LEMON: Los Zetas.
ROMO: So that's a big possibility, and that's the line of investigation that authorities are going through.
LEMON: So is it just -- is it just the drugs and the fighting? Is that what makes this part of Mexico so dangerous? Is that -- is that the main issue here?
ROMO: That's exactly right. All the Border States, especially those south of Texas, we're talking abut Nuevo Leon, Tamaulipas, are very lucrative transit points for Mexican criminal organizations. And all the violence you see there is because they are trying to gain control of that area because in the end the bottom line is money and those areas are very lucrative.
LEMON: One wonders if regulation might just -- you know what I mean? At least stop some of this. It's a very good question.
ROMO: Open question.
LEMON: Just very good question. Thank you. Thank you, Rafael. We appreciate it.
I want you to take a look at this now. "Newsweek" calling President Obama the first gay president. Is that fair? Or is it going too far? It has everybody talking.
LEMON: All right. We are talking politics right now. Who knew America had a gay president? "Newsweek" says he's in the White House right now. Provocative cover? Perfect way to get into our discussions, which are always provocative. But we cut them off, we shut them down, and then they come back the next week. That's how it works around here.
CNN contributor, Will Cain, is here, along with LZ Granderson, and also a CNN contributor and a senior writer at ESPN, for ESPN.
So, that's quite an image and quite a label for a guy who just one week ago was officially opposed to same-sex marriage. At least he said he was evolving on it. That he's -- you know.
LZ, is he the first gay president?
LZ GRANDERSON, CNN CONTRIBUTOR: You know, it's a provocative cover, but I have no idea what they are supposed to mean by that headline. I mean if they're saying, you know, as far as a president supporting gay rights, you know, Gerald R. Ford supported gay rights before President Clinton did. And if they mean an actual gay president, you know, historians are looking at the letter of George Washington and Abraham Lincoln and pegging those two guys as being gay presidents. So I'm not sure what they meant by that but the -- but the cover at least is provocative.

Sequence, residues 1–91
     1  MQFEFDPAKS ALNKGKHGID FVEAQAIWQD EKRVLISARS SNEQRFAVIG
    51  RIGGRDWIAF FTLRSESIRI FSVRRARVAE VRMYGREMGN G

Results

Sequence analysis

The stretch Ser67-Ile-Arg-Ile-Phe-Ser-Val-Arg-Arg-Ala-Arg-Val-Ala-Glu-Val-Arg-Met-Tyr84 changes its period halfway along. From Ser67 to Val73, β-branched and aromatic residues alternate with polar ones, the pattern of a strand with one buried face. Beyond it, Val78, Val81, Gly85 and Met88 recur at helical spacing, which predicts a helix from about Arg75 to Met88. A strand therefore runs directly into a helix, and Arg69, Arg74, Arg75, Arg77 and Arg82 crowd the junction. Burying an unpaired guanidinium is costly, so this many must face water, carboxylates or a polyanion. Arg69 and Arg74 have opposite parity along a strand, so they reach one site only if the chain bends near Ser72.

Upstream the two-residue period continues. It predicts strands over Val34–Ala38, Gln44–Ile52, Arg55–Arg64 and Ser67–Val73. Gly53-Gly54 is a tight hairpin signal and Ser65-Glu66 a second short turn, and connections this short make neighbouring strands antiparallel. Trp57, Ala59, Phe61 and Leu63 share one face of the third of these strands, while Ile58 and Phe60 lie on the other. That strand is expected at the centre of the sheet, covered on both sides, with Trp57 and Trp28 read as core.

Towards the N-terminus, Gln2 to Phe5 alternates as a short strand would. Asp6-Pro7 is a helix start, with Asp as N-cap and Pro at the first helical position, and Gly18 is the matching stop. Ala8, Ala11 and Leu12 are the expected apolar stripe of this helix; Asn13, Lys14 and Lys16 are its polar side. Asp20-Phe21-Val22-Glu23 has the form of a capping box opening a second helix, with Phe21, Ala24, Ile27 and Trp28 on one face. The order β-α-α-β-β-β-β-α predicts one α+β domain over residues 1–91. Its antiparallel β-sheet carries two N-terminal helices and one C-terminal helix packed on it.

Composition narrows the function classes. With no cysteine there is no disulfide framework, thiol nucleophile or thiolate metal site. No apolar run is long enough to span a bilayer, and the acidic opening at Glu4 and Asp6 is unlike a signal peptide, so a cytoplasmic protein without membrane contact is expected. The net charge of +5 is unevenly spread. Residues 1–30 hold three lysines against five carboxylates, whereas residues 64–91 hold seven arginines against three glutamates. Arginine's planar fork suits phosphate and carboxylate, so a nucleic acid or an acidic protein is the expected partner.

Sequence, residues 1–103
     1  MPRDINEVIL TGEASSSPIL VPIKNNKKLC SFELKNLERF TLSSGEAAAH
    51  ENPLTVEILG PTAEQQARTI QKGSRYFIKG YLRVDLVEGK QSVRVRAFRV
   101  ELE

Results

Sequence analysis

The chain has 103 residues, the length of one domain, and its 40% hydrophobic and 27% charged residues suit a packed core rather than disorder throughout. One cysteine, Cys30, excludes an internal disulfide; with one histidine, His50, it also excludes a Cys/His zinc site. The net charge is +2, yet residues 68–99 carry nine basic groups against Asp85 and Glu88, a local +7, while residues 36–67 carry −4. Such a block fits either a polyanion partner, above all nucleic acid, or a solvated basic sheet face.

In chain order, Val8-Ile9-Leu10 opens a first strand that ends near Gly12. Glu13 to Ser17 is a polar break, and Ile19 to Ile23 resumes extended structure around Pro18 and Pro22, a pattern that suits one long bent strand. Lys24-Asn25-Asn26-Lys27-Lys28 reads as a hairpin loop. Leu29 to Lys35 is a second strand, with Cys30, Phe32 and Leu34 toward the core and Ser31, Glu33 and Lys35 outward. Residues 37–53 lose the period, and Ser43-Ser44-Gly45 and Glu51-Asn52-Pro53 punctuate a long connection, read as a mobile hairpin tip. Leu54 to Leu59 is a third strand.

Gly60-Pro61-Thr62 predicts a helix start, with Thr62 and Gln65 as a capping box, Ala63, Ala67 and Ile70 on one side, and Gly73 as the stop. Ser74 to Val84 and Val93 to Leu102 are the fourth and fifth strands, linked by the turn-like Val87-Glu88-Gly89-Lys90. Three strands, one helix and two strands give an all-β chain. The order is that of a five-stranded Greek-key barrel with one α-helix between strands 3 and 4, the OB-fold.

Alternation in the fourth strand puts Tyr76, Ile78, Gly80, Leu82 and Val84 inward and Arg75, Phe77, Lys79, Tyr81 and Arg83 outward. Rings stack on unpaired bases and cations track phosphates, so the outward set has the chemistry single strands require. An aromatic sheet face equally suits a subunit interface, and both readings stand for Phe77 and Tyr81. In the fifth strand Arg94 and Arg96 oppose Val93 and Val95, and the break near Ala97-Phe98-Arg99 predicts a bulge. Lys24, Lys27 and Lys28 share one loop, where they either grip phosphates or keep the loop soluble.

LEMON: Yes, I think I -- I think I get it. I haven't read the article. I read what Andrew Sullivan wrote in the "Daily Beast" earlier in the week, which is -- which was a very eloquent and heart- felt article. I haven't read the "Newsweek" article yet because it hasn't been released. I think I get what they mean. It's kind of like we call Bill Clinton the first black president? So --
GRANDERSON: You might call him that.
LEMON: Yes. Well, that's what people said. But judging from what Andrew Sullivan said about gay kids who are bullied and gay people who finally had some degree of validation maybe for the first time because of what President Obama said, I think that's what that cover means. That's just my interpretation.
Will, go ahead.
WILL CAIN, CNN CONTRIBUTOR: Well, first, LZ, I would say man, that's the first I've heard of George Washington and Abraham Lincoln, you're teaching me some history tonight. I would say the rumors have been flying about James Buchanan for about 150 years. So I don't know that by any measure Obama qualifies as the first -- for anyone, and that would include both LZ and myself who supports gay marriage. This is a good symbolic moment and the president deserves a round of applause.
You know, I don't think we should canonize him. I don't think we should carve out a place on Mount Rushmore just yet. I mean he did adopt the Dick Cheney position that he's personally for it, but he's not going to fight for it, he's not going to advocate for it by any meaningful measures so --
LEMON: At least not this time. At least not this time. That's -- you know .
CAIN: That's right.
LEMON: Because you can always evolve.
CAIN: Well, right, right. We can -- I don't know how this evolution thing works. We will have to see about that.
LEMON: There's a joke in there. I am not going to go there. GRANDERSON: And you can sort of argue that -- that he has already taken stuffs because he -- you know, he instructed his Department of Justice not to defend the Defense of Marriage Act, that he's called it unconstitutional. So you can say that he has already made steps prior to this announcement in terms of supporting marriage equality in a policy sort of way.
LEMON: OK. Rand Paul talking about this on Friday. Listen.
(BEGIN VIDEO CLIP)